I am often asked why, in the 21st century, we still need to run women’s leadership programmes. And I am not surprised by that question.
The People Development Team is a female owned, female managed global business, and unsurprisingly, for the first 10 years of our existence we were constantly being asked to speak about women in leadership.
And for the first 10 years I constantly refused, passionately stating that great leaders would rise to the top whatever their gender……
You won’t hear me saying that today; around five years ago, I completely changed my mind.
In 2015, seeing the results from the World Economic Forum which puts the UK in 18th place falling from 9th in 2006, I stand by that decision. Looking at facts that state that women in the UK are 54th place for Parliamentary roles and 59th place for ministerial jobs just convinces my change of heart was absolutely right!
I am a great believer in being awake to what is happening around you, and for me there were many things happening simultaneously that drove me to design and have my organisation run women’s leadership programmes.
At that time I was coaching three female senior executives who fundamentally were all dealing with the same issue; all in their 40’s, all undergoing IVF treatment and all trying to fall pregnant. And all having to hide the fact from bosses who had subliminally made them feel over the preceding 15 years that getting pregnant would be an end to their careers.
Now did these bosses actually come out and say that in so many words? In one case yes, but in many cases it is the subtlety that does the damage, the almost imperceptible drip of what we refer to as unconscious and hidden assumptions that eventually can change behaviours, destroy self-confidence and alter the path of many peoples’ lives. So my coaching had me begin to understand for the first time that it was a very different environment for women, than it was for men.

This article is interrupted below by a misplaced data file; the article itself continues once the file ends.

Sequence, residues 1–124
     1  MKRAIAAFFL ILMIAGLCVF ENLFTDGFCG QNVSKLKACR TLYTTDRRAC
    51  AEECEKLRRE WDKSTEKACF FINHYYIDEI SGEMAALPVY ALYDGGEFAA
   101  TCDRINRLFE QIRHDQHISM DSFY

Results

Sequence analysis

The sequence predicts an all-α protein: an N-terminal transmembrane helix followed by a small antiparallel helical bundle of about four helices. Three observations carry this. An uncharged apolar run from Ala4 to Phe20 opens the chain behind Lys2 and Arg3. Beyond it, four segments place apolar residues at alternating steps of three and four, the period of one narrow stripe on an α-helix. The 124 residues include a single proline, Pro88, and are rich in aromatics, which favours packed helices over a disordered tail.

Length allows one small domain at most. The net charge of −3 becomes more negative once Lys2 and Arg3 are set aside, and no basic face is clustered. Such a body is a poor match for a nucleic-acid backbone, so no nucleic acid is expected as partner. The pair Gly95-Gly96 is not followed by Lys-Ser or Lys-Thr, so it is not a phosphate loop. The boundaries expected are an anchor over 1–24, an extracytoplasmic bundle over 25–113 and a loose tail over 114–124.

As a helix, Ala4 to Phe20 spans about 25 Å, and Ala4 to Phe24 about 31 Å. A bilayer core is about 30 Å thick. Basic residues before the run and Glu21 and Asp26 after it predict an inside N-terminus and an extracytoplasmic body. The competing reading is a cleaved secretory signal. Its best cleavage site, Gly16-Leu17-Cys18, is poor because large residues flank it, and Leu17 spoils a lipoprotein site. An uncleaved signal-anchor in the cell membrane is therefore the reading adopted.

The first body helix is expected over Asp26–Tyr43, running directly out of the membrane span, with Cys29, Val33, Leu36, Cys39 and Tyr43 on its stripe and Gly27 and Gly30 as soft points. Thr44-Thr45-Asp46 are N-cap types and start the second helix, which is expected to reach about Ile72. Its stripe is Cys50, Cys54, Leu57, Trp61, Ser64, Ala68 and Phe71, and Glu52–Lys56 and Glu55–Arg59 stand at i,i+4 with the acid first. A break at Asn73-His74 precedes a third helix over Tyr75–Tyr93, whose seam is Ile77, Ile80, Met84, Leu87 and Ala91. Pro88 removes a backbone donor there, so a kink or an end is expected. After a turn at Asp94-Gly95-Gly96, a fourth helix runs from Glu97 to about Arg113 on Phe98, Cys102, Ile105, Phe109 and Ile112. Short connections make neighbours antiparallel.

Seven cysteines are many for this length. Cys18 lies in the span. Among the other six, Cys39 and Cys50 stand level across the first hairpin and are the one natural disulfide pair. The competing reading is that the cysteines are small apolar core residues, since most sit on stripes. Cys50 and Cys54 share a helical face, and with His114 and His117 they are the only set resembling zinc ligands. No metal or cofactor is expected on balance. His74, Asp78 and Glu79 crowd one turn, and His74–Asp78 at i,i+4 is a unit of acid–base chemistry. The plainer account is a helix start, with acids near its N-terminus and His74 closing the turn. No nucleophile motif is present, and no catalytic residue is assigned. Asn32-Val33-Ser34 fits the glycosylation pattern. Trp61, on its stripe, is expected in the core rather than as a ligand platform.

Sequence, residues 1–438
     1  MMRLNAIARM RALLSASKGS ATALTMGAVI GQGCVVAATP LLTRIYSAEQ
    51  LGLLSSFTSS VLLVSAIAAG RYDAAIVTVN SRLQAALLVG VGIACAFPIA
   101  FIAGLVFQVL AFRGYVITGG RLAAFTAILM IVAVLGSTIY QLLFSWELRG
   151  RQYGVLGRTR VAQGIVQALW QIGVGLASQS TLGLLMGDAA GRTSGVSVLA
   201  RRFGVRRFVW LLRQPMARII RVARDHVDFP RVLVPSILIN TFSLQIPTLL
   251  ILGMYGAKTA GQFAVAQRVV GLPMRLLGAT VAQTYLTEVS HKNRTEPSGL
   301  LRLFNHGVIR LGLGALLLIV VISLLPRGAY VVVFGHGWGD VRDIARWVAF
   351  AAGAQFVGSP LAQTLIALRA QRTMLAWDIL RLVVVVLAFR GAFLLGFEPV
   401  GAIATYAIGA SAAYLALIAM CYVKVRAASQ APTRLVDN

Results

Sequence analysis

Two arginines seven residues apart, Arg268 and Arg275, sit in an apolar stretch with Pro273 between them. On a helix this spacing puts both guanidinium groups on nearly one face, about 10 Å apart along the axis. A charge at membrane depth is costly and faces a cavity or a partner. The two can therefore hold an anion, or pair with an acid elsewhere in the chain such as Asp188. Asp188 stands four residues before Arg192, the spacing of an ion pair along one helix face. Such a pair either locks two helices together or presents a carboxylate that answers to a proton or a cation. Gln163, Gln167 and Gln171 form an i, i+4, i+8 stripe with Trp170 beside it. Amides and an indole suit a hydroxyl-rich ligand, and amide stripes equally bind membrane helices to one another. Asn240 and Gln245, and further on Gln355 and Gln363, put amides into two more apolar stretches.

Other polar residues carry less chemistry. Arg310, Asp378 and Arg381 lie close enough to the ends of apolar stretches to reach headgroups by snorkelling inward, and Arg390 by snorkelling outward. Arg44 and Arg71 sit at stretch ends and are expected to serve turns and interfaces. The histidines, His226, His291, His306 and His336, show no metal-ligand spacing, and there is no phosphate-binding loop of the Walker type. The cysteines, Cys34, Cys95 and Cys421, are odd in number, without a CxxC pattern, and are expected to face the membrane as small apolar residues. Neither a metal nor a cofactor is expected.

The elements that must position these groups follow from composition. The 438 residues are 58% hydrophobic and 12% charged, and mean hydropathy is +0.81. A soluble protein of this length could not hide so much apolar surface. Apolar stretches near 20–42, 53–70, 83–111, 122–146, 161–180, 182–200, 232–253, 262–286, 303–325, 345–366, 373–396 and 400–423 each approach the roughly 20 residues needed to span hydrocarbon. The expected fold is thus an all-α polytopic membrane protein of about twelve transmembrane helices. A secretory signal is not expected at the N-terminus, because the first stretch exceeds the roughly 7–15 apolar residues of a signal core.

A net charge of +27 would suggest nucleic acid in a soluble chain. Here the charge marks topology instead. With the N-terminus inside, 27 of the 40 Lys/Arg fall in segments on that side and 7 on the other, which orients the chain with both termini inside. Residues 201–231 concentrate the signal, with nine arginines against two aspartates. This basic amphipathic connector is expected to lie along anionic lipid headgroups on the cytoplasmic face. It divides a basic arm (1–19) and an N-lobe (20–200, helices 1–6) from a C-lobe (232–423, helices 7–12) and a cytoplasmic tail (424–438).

Secondly, I remember seeing a speaker who developed an algorithm proving that, in the FTSE 250 and Fortune 500 companies, it wouldn’t be my daughter that would stand the same chance as my son of being the next CEO, it wouldn’t be granddaughter either…
At our current rate of progress across Britain and the US, it would be my great granddaughter that would stand at piety with my great grandson – and only then if she were Caucasian and definitely only if she were heterosexual!
The final piece that really brought me to designing and having my organisation run women’s leadership programmes, was speaking to a group of women in professional service firms that had exited or been exited just before achieving partner status. Many of these women had left university with honours and had built what, on the outside, appeared to be great careers within the firms. However, I was in the position of being able to interview a sample of them, and the feedback was startling, almost to the last woman. Not one could tell me the exact date, time and place that they knew that they weren’t going to make partner – yet they all described a ‘feeling’, a dawning truth that crept up on them over a period of time. They went from being deeply confident, high achievers in many cases, to questioning themselves and to questioning their own capability, which in the cold, hard, light of day made no sense.
I would love to say that the great work that we do with organisations – helping them to set practical, gender led diversity targets, reduce their unconscious bias and understand the importance of creating an inclusive environment to developing their strategy – is enough…
Sadly I am not able to say that we are achieving gender balance at the top of our organisations just yet. And while we are waiting for these essential measures to make a tangible difference, the self-confidence of our most shining female talent remains at risk…
I am now a firm believer in offering programmes that help businesses to develop female talent, grow their female pipelines and support women with practical tools and knowledge that will help them to enhance their careers. Only then will we encourage them to put up their umbrellas against the acid rain of the obvious and more hidden biases. Only then will we truly make the difference that we need for the success of their futures and the future of our economy.